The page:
Weightlifting Dreams/Bodybuilding Fears Part 1
A few months ago I saw a post of a really muscular woman with a caption that said something like “This is what women who go to the gym want to look like” I assumed the post was supposed to be funny since the picture was of a bodybuilder. I wasn’t sure what the purpose was… to make fun of women who prioritize the gym and working out or to make fun of women that are muscular. The comments in the post were women saying they didn’t want to look like that or a lot of disappointing remarks on how strange or extreme some people thought she looked.
In my book For Black Girls I spoke about how I’ve witnessed and experienced body shaming of athletic women. The growing awareness of body shaming is admirable in some aspects and I think it’s important that women learn to admire and accept the uniqueness of their bodies while still striving to be healthy. I feel like we should be further than we are in this area but we still have a lot of work to do.
When it comes to women’s bodies the criticism doesn’t stop. Men and women have been guilty of putting out negative commentary. In regards to this post I saw, I don’t think I read any comments about how hard this woman worked to achieve her professional results as a bodybuilder. There was nothing about her discipline, lifestyle choices, or profession- all the things this woman obviously directed a lot of passion and attention to. I don’t doubt if the picture had been of a male bodybuilder there would have been some level of awe at the effort he put into his workouts. When I think of some of the Hollywood men like The Rock or Arnold Schwarzenegger their bodies are usually met with positivity. But their bodies are not just athletic, they are bodybuilding physiques (especially Arnold). Although looking like a bodybuilder is not everyones cup of tea, it’s a more role modeled and an accepted look for men. If men are severely muscular in or outside of this specific profession it’s normalized even though being a bodybuilder is actually an extreme way to train. However, female bodybuilders are seen as abnormal to the general public rather than looking normal for their profession.
Don’t get me wrong, this isn’t about defending bodybuilder bodies. But the picture and post got me thinking about how unfair this judgment was. It was indicative of some negative beliefs we carry as a society about women and exercise that are steeped in sexism (and maybe stereotypes). Unless exposed, these harmful beliefs can hold us back from our health goals.
Women aren’t praised for being or looking strong.
For muscular women the focus always seems to be on how “manly” they may look. But I’d like to challenge our thinking here. Women aren’t getting muscle implants to look like men. These muscular women are pushing their bodies to their own limits and it’s interesting to note that our bodies have the physiological potential to be exceptionally strong and muscular if one desires to do the work. Not every body type is for everyone and some people build more muscle mass faster than others. The point is if a woman is muscular it’s because that’s her womanly muscular shape. More muscle doesn’t make her look manly if all of the muscle in her body came with her body in the first place! Now just a quick disclaimer I know that some people prefer women that are muscular or toned but when I say they aren’t praised I’m referring to the general public opinion. Most often people who are fit admire other people who are fit because they have an appreciation of the work involved. Also women who take testosterone to grow more muscle don’t fall under the category of what I’m referring to here.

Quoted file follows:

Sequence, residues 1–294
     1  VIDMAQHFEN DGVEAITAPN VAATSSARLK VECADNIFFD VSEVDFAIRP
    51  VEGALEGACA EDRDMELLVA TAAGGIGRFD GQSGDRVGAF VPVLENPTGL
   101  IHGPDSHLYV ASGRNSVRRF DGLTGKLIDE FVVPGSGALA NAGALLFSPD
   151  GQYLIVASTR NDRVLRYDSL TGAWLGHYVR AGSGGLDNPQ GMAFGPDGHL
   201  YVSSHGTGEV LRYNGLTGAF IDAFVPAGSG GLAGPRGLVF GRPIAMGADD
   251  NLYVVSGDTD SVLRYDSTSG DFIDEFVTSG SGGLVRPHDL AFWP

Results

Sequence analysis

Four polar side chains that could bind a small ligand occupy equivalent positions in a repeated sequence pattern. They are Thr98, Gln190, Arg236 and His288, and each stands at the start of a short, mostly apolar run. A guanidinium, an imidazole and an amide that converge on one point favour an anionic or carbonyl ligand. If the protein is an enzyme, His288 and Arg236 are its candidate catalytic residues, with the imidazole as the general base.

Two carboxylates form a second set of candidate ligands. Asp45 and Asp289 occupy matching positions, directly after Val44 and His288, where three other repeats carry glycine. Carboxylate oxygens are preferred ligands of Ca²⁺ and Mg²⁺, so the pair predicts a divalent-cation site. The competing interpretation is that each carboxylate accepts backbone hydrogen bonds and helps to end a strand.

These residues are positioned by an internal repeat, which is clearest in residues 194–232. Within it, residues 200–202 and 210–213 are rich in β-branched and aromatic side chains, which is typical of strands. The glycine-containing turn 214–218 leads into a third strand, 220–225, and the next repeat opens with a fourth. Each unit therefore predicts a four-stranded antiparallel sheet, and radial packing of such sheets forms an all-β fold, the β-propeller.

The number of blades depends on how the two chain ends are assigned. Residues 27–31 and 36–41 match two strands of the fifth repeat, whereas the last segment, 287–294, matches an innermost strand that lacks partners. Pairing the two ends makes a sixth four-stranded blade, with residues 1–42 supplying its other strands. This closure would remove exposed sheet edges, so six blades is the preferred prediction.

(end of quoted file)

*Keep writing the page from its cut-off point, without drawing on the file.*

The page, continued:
Why is there so much fear surrounding being a woman and gaining muscle? I remember being a young girl afraid that my legs wouldn’t look womanly enough as I got older. I went from having the thin legs as a kid to muscled legs. I hadn’t seen or learned that my legs would still be considered feminine even with muscle.
Some might say it’s evolutionary and that women should have softer bodies. We definitely carry more body fat than men do for many healthy functioning reasons. But when I think of societies of our past I can imagine that many women were strong because of the type of physical labour they engaged in. Maybe not as muscular as men but muscular nonetheless.
But to fear that you will look like a female bodybuilder if you lift weights seems excessive and really ignorant to me. The type of training you do will determine how your muscle appears. If you’ve ever noticed the difference in body types of athletes like swimmers, gymnasts, sprinters and long distance runners you’ll know it’s all about how they train the muscle they have. You can literally sculpt your body based on what you do.
To be continued.
Regarding your question, why is there so much fear surrounding being a woman and gaining muscle? I will answer that we are still fighting seasonal standards of beauty. We feel the shame of not fitting in those standards, whether you’re overweight or muscular or have or don’t have an hourglass shape. It’s a way to maintain control over women who are still considered weak physically, psychologically, and emotionally.
That’s really good insight and you are right. It never ends. We really need to do our best to be healthy and happy with ourselves, thanks for your comment!